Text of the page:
Special to the Tribune
My husband and I adopted a family for Christmas this year as a way to pass on a few of the blessings we've enjoyed. So I obtained the name of a family that could use a bit of help, and called the very sweet mom for information.
She was patient, though she must have wondered about my hearing as I repeatedly asked "a what?" "say again?" as she described toys and clothing brands for two girls, 5 and 8, and a boy, 10. We've delivered the loot, nicely wrapped, and I'm sure she's wondering what will come out of those packages on Christmas day!
Once we got "The List," Randy and I headed off to the big box store, hoping to complete our Santa project in one fell swoop. We got it done, but it didn't resemble much of a swoop. More like a drunken elf bungling his way through the toy shop!
First thing in the door, we nabbed some candy canes and packages of peanut butter candy, just to make sure our adoptees start Christmas morning with a good sugar rush.
Then we headed to the little girls' section, and the confusion was immediate. I've never had children, and my husband had boys. So someone needs to tell me why a 5-year-old's sock size is 13, while the 8-year-old wears a 2? After I had accosted a couple of motherly looking women for advice, I managed to come up with a couple packages of socks. That was in the first hour, or at least that's what it felt like!
Meanwhile, Randy guarded the empty carts. I thought he should be useful so I sent him off with the boy's list.
We spent another hour looking for Hello Kitty and Monster Barbie High (don't ask), along with the standard Barbie stuff.
Then we went for the jeans for all three kids. Bootcut, flares, skinny, leggings, tall, short, ...well you get the picture. When I finally located what appeared to be the right size, Randy, like a curmudgeonly old dad, viewed the fashionably ragged-appearing items and said, "We're gonna buy them those old worn out things?" He doesn't know that jeans don't come in "new and blue" anymore, unless they're for old fogies like us!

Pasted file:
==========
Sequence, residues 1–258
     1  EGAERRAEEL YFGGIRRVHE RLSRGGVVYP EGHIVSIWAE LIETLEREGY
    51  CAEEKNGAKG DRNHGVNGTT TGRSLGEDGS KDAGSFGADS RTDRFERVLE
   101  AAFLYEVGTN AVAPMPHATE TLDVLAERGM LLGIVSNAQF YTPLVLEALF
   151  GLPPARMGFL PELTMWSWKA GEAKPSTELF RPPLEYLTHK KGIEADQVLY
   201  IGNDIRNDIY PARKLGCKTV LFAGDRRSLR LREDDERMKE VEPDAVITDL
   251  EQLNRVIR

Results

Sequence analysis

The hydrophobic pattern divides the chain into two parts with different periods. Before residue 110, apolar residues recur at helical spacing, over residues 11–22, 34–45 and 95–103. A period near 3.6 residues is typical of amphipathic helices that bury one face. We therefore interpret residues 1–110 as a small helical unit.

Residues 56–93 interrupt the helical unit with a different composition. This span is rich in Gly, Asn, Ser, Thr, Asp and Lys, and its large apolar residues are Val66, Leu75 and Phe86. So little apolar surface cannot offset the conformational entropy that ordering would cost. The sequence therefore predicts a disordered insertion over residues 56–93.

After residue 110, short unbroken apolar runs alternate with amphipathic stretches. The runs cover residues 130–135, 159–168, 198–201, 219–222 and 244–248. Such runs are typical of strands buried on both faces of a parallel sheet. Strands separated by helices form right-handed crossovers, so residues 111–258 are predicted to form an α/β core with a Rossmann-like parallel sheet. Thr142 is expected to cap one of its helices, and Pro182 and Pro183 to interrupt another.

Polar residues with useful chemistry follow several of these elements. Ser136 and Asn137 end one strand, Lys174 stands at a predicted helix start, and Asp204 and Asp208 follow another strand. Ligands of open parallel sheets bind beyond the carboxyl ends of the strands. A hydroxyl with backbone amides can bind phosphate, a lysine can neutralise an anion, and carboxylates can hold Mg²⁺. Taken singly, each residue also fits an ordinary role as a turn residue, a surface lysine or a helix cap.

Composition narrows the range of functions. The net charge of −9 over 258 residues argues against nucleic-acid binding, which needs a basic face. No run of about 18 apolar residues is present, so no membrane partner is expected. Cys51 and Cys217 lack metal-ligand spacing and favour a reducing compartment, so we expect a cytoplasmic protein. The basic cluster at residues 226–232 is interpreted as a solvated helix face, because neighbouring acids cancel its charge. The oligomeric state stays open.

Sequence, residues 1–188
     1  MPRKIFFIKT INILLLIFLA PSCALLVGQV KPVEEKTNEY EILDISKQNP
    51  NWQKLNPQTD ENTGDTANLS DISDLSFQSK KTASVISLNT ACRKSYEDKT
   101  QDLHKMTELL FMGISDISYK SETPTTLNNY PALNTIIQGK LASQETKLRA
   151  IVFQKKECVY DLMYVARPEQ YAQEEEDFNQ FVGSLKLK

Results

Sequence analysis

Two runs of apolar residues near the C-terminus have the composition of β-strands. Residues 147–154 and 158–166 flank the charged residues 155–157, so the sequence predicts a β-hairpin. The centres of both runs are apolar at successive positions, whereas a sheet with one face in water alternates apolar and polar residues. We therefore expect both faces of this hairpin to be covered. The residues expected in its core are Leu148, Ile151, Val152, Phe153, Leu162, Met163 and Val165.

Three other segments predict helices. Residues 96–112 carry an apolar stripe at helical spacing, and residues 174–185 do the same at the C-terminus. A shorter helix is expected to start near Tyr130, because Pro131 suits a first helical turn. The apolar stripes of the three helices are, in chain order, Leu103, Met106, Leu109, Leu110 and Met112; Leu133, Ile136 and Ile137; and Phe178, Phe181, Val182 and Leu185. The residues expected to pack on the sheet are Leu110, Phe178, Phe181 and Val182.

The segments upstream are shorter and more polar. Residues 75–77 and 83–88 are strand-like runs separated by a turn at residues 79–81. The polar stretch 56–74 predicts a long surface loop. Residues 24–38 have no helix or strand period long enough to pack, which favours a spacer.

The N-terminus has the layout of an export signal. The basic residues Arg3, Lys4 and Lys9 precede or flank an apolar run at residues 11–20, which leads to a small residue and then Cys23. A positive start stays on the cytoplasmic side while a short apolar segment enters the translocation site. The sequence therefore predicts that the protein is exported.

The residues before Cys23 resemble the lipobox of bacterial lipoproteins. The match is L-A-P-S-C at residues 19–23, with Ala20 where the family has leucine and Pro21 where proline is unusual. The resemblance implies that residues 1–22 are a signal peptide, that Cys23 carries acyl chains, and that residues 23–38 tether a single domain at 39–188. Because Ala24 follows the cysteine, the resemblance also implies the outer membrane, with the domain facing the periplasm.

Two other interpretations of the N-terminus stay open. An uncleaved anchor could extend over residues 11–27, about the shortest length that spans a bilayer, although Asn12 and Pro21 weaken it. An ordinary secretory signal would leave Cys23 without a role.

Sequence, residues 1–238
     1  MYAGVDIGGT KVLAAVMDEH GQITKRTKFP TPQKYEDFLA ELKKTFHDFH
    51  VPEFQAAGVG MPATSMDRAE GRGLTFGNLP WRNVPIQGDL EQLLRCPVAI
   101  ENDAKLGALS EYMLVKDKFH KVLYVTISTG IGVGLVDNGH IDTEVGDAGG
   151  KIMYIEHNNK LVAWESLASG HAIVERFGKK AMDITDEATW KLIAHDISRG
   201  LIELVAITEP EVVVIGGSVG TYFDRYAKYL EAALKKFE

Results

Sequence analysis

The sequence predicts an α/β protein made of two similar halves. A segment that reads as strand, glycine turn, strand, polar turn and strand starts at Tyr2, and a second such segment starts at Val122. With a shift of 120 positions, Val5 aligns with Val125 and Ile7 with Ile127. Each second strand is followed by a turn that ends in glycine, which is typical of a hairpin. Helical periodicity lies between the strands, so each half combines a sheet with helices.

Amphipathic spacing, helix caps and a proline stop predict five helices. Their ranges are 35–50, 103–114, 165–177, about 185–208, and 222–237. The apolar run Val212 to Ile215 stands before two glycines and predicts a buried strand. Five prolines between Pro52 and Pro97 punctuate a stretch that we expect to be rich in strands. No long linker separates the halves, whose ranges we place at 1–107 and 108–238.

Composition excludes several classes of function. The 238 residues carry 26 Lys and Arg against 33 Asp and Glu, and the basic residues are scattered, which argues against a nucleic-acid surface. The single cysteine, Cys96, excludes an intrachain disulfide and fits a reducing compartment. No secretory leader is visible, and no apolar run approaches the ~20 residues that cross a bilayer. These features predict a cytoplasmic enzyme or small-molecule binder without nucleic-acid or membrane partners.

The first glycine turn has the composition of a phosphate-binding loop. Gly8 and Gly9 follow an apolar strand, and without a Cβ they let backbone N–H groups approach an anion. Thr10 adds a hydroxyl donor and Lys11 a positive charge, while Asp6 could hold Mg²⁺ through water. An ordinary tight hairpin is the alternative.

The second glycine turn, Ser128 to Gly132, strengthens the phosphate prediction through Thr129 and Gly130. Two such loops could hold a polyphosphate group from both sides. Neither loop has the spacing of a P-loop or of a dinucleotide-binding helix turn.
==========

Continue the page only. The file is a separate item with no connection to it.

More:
Through this process, I think I interrupted the shopping trips of no less than five or six mothers with kids in their baskets. "How old is your child? What size does she wear? Does this look like it would fit a 5-year-old? Would an 8-year-old like this?" I got a lot of strange looks, but the security folks didn't come to drag us out, so I guess I wasn't too obnoxious!
The boy was a lot easier. He's athletic, so a tracksuit, jeans and football-related T-shirts were in order. I didn't realize until later that my hubby had tossed in a few extra shirts, so this is going to be one well-dressed kid.
With a huge sigh of relief, we finished our fashion shopping and turned the baskets to where we wanted to go in the first place - the toy department.
Woohoo! We went crazy for Barbies, Lalaloopsie dolls (I'd never heard of those before, either), a baby doll, a few family games and puzzles, a football, little girls' purses, some card games, and my fave, Matchbox cars! Randy raised his eyebrows at the can of Flarp (look it up...) but nevertheless, it made its way into the cart, along with a lot of other stuff I can't remember now.
We finally checked out, and oh yeah, we went way over our budget. But we sure had fun.
Oh, and remember that AWOL wrapping gene? To save the kids from having to find their gifts stuffed into a giant trash bag on the day, I enlisted one of my favorite friends, Andrea, who spent three hours on Saturday wrapping all that loot. Andrea is a math whiz, thankfully, and she informed me that each child had to have the same number of presents. She patiently sorted all those presents to make an equitable pile for each kiddo, including the extra items Randy tossed in the baskets when I wasn't looking. I was so happy, I might even get Andrea a Christmas present. But it'll be in a bag.
And by the way, kids, get ready for a couple of old fogies, because we know what's in your packages, and we're gonna come play at your house on Christmas morning!
Heidi Dahms Foster is editorial manager, non-daily publications for Prescott Newspapers, Inc.